Friday, September 16, 2011

No Free Lunch – Even For The Restaurant Industry

The restaurant industry hates taxes - unless it’s doing the taxing.

As I give you the following examples to illustrate my point, let me first clarify that I’m a card-carrying foodie. I eat out 10 or more times a week and I’m told I’m a good tipper. I understand that great food and great wait staff go hand in hand. I also spent a lot of time during a now-concluded four-decade career helping to make restaurants sustainable in three different communities.

Here are just three examples, though, of how the restaurant industry through associations, often controlled by chains and franchisees, seems hypocritical when it comes to levies on meals.

  • The restaurant industry levies (guilt and social norms are still levies) $44 billion in “tips” each year on diners ranging from 5% to 20% with tip inflation in some cities now reaching 25% even though numerous studies have revealed there is little or no correlation to good service in the minds of either the customers or the wait staff.image

  • The restaurant industry is also a major source of litter, generating a quarter of all 4-inch-plus litter items. Fast food operations alone are the source of a third of all packaging litter on roadways and this doesn’t count beverage containers or restaurants’ contribution to loading area and dumpster-sourced litter or that found in storm drains -- more than half of it in cities and counties alone, all of which levies billions on the public to clean it up.

Restaurants using billboards contribute to the desecration of their communities and states, foster scenic and economic blight (property near a billboard is depreciated as much as $40,000) and generate air and water pollution when roadside vegetation is clear-cut or swathed and even as admitted recently, poisoned, releasing carbon into the atmosphere and unfiltered storm water into ground water.

So what happens when the public attempts to recoup some of these hidden costs by adding a single penny on the dollar to the tab for meals? Remember, it should be of no concern to restaurants because like a tip, it doesn’t affect restaurants costs or revenues.

Restaurant industry hypocrisy was clearly illustrated in 2008 when my adopted hometown of Durham (ranked among the foodiest cities in America,) with active support from locally-owned restaurants, proposed a tiny 1% levy on prepared meals with the revenues to be dedicated to uses that would benefit the community but only in ways that would also, in turn, benefit restaurants.

Unlike similar levies granted other cities including Raleigh, Charlotte and Fayetteville and with no real strings attached and with little or no objection from the restaurant industry, Durham proposed to use the revenues from the 1% meals tax to:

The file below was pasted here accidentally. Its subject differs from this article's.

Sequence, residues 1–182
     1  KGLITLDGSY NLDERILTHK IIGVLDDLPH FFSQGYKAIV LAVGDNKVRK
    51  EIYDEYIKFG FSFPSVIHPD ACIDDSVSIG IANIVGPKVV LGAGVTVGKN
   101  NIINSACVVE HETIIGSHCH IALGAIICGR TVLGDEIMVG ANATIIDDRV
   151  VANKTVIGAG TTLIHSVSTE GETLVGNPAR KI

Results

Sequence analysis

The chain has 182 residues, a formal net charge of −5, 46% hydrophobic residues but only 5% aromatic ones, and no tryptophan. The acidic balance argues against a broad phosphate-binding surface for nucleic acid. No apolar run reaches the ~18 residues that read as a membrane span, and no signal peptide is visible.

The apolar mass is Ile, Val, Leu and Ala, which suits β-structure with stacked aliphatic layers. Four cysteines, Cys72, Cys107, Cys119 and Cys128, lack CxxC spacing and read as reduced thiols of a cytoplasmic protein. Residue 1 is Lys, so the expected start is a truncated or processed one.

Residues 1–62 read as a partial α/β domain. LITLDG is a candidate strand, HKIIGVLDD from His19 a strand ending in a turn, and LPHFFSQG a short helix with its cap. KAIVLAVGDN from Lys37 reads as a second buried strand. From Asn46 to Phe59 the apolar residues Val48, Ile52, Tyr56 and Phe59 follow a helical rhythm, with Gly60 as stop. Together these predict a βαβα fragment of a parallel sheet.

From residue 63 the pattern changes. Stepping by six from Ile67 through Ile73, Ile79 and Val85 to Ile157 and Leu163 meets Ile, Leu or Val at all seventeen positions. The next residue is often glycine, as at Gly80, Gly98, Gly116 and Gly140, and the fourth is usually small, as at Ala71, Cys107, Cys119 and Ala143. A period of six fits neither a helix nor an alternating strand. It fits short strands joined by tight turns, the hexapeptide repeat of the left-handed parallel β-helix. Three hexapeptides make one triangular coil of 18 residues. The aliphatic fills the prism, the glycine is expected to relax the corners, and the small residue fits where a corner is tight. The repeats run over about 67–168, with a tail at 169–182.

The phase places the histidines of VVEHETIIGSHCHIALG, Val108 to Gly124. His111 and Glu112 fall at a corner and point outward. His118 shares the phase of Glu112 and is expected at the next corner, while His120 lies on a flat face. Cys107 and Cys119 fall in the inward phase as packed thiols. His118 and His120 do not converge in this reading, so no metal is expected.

• Increase the 1/3 of all restaurant revenue that comes from tourism.
  • Reduce and control and remove litter including the significant contribution of litter via the restaurant industry.
  • Fund food-service education and career development programs,
  • Fund cultural facilities and organizations, patrons of which are well-proven to generate restaurant revenues.

Win-win-win, right? This was nowhere near the hidden industry-imposed levies I mentioned above and each of the uses were to be dedicated to things that directly benefit restaurants as well.

Wrong! Suddenly, to defeat the measure, tens of thousands of dollars from outside restaurants were funneled through a front created by the same folks who only months later “rebranded” as the Tea Party, a an existing movement that had fallen into public disfavor.

One of the more laughable claims was that the 1% tax on meals in Durham would hurt restaurant business, something that was easily proven invalid by merely looking revenues before and after such a tax was imposed in in Raleigh and Charlotte.

How could this proposed penny on the dollar paid by customers, two-thirds of whom (including commuters) are non-residents of Durham, be harmful to restaurants when the industry blithely passes along customary levies in the ways mentioned above that are a hundred times greater or more.

Fortunately, the I.R.S. is going to look into these groups and I hope they dig down into what was secretly channeled by restaurant chains and possibly the NC Restaurant and Lodging Association through the Americans for Prosperity chapter over in Raleigh during consideration of Durham’s 1% meals proposal which had been enacted in Raleigh with restaurant industry assent or backing and without a whimper from the Koch brothers.

It is also time for honorable restaurant owners to reclaim control of their industry, taking it back from chain-driven associations, while insisting on a more balanced, transparent and fair approach when it comes to levies on meals.

Restaurateurs, especially those run by owner-chefs, often innately grasp the importance of building strong, vibrant communities and they feel an obligation to do their share, especially when the benefits are win-win. They are also unfairly asked far too often by individuals, groups and businesses to provide their product free of charge

As diners, though, we need to make it clear to our favorite restaurants and especially chains, that we know we are paying the hidden fees or “taxes” imposed in part by customs like tipping, litter clean-up, counterproductive marketing practices such as outdoor billboards and by restaurant industry lobbyists.

We need to encourage restaurants to stand up in support of clean air and water, unique sense of place, litter control and removal, tourism promotion and sustainable culture facilities and organizations.

After all, there is no free lunch not even for the restaurant industry.

1 comment:

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I am so happy to read this. This is the kind of manual that needs to be given and not the random misinformation that's at the other blogs. Thanks for sharing this